Retail & Hospitality Industry Summit: Moving Ahead With Agility and Analytics

Business leaders in the retail and hospitality industries at a recent Workday summit talk about how they’re finding a path forward that looks less like surviving and more like thriving.

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Retail and hospitality companies have needed several key attributes to survive and thrive in the pandemic: The flexibility to make changes on the fly when the situation requires it. A clear view of how to take care of their front-line workers. The agility to solve short-term problems while also creating long-term, positive momentum. The ability to unlock truly predictive analytics. 

If all that sounds like a lot to balance while trying to remain profitable, you’re not wrong. But with the right pieces in place, companies in these industries are finding a way forward that looks more like thriving than just surviving.

“This is allowing finance operators to be successful because they can start making changes on the fly. If they need to adjust course, they can.” 

Asim Aleem Chief Financial Officer Midtown Athletic Club

At Workday’s recent Retail & Hospitality Industry Summit, leaders from Innisfree Hotels, Midtown Athletic Club, Nordstrom, and PVH joined us to talk about their experiences and how Workday supports them every day while building a solid foundation for the future. For the whole experience, check out the on-demand replay, but read on for a few choice tidbits from the summit.  

Managing Change and Gaining Insights

Asim Aleem, CFO of Midtown Athletic Club, chatted with John Hugo, vice president of financials and go-to-market at Workday, about how Workday helps them stay agile when changes come. 

Leaders at Midtown, a high-end fitness club with resort-like amenities, planned to replace their systems with an enterprise management cloud before the pandemic. As the timing worked out, they went live with Workday while many of their clubs were shut down.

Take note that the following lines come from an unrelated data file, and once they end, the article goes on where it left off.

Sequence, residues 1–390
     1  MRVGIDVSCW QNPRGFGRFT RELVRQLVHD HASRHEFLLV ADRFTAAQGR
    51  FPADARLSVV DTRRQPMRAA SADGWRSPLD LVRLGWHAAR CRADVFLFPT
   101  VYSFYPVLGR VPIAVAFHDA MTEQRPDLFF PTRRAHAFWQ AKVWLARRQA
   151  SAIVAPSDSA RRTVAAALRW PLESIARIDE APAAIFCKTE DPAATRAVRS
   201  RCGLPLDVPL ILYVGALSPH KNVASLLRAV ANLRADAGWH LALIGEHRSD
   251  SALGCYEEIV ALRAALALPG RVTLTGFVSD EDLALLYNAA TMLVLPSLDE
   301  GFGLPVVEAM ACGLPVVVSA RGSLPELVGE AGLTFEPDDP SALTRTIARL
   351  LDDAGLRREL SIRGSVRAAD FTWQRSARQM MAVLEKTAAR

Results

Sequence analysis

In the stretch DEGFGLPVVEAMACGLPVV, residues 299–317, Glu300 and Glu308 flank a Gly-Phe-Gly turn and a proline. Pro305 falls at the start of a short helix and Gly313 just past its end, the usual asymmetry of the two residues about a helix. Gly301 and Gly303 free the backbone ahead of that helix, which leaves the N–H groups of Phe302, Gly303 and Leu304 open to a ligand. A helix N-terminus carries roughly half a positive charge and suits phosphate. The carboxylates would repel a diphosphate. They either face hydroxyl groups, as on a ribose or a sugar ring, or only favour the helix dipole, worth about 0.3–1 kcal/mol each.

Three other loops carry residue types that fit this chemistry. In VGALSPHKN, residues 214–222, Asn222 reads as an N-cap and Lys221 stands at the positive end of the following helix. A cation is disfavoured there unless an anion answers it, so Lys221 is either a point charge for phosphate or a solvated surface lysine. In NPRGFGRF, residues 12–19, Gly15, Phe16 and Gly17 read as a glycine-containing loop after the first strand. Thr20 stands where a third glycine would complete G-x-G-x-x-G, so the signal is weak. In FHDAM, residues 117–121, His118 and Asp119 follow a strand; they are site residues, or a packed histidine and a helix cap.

With a task force in place to make sure that the deployment wasn’t siloed, they first deployed human capital management, and then payroll and financial management. With Workday, the finance operators can make changes to financials in real time instead of waiting for month end to see if they’re on course to meet their monthly financial metrics. “This is really allowing them to be successful because they can start making changes on the fly,” said Aleem. “If they need to adjust course, they can.”  

Analytics for Real-Life Impact

Making changes to policy without the data to support those changes isn’t a road retail and hospitality companies want to go down. But when used effectively, analytics can unlock real changes that make employees’ lives better and companies’ futures brighter. 

Hari Dorai, vice president of HR systems and analytics at PVH (which owns brands like Tommy Hilfiger and Calvin Klein), talked about PVH’s analytics philosophy and real-life benefits. The company has taken a centralized approach to analytics with a focus on consistency and scale. There’s a key connection between analytics and the happiness of the front-line workforce, which is essential for a thriving retail or hospitality business.

For example, PVH saw from its data that single parents were at high risk of turnover, so the company improved its backup care plan. Pre-COVID, it created risk profiles from HR data to help identify what drives turnover and what traits are common with key talent. These types of real-life changes based on analysis are made possible by Workday’s core reporting and analytics.

For more insights like these, including what leaders from Nordstrom mean by “hitting the gas and the brake at the same time” and how Innisfree Hotels adjusted to multiple disruptive events, watch the on-demand replay of the Retail & Hospitality Industry Summit.

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